I’m reminded by Andrew Coyne’s column this weekend of a 1970s song by Stompin’ Tom Connors that gained particular reknown as the theme music for CBC’s “Marketplace” consumer affairs program. Tom was not given credit as a bard or for foretelling the future. About 40-years later, though, and Tom turns out to be more right than he could have imagined.
Andrew Coyne’s column was about the way that the political parties and the political process in Canada has now fully framed all 33+-million of us as “consumers” of government services and of the output of politics (and politicians). Despite his never responding to me–directly to the emails or indirectly when I reference his work, I like Mr. Coyne’s writing and, whether I agree with his position or not, how he arrives there. Usually. In this case, I tend to agree but think he’s been sucked in to the implicit premise that his column and the odious way government treats us is based. That is: We are consumers.
The argument, loosely, is this: the Conservatives and now the New Democrats are talking about how to treat their consumers (read: us) and how to best address our needs. It is premised on Mulcair’s charge against high prices, which warrants Mr. Coyne explaining fundamental economics and competitive structures. Mr. Coyne is right on both counts, and so the rejection of the politicization of the word “consumer” is complete. There’s a problem with all that.
By immediately moving to capitalism, laissez-faire, the value of competition and how successive governments make mockery of it, Mr. Coyne accepts and assumes the validity of us being “consumers”… of government and politics. I get where it comes from: the notion that good businesses that provide value to their customers are satisfying those “consumers” by putting their interests, needs, and desires at the forefront. (I would argue that this rarely happens at the best of times, let alone in politics, but that’s another blog.) So, this being an accepted truth of capitalism that applies without thought in every dark corner of society, it makes sense to assume it and get on with the hypocrisy of politicians and political parties putting the consumer front and centre, or so they say.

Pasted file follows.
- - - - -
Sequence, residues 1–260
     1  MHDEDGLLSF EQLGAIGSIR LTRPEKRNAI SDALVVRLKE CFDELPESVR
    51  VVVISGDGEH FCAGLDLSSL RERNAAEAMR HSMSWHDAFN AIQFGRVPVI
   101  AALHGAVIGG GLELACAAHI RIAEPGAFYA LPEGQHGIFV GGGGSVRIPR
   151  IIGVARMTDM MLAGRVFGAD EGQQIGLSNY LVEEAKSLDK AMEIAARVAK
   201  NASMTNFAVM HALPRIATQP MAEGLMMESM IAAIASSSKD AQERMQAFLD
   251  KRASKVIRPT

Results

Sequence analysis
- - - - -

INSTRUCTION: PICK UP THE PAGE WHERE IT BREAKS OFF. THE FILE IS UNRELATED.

Last time I checked, I was not a consumer of the nation, of society, and of my own (social) existence. I am, as is Mssrs. Coyne, Harper, and Mulcair–as are we all–CITIZENS of Canada. As such and within a democracy, we have given to those we elect to administer on our behalf the right and responsibility to serve our (social) needs. It is not their place to treat me like a consumer; they are not making a profit. It is not their goal to satisfy my typically fleeting desires for X, Y, and Z, but to show some foresight and wisdom for not only my long-term good but for the nation’s long-term good. Consumer businesses exist, these days, in conveniently demarked 90-day reporting periods and respond to the fickleness of trends, fads, fashions, and evolutions in technology. One would hope that Canada is not and should not be operated on the basis of a persistently, creatively-destructively cycle of pandering to consumers. (Perhaps my real issue is that as consumers we have become idly, compliantly ready to be told what we need by those who have something to sell us–need it or not. Again, different blog.)
Good for Andrew Coyne for calling to task at least two political parties and specific politicians for their misleading use of the already insipid “consumer focus” meme. It’s just too bad, though maybe a constraint of a 700-word column, that he opted to accept something that is a bastardization of two parts of our life. To which, I say,